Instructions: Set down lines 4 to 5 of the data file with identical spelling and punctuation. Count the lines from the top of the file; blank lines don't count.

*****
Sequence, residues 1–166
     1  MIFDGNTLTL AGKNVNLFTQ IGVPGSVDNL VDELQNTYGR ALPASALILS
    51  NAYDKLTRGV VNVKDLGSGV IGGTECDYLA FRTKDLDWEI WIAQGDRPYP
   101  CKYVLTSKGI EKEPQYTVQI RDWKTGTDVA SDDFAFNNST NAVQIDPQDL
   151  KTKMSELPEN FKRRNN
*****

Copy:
   101  CKYVLTSKGI EKEPQYTVQI RDWKTGTDVA SDDFAFNNST NAVQIDPQDL
   151  KTKMSELPEN FKRRNN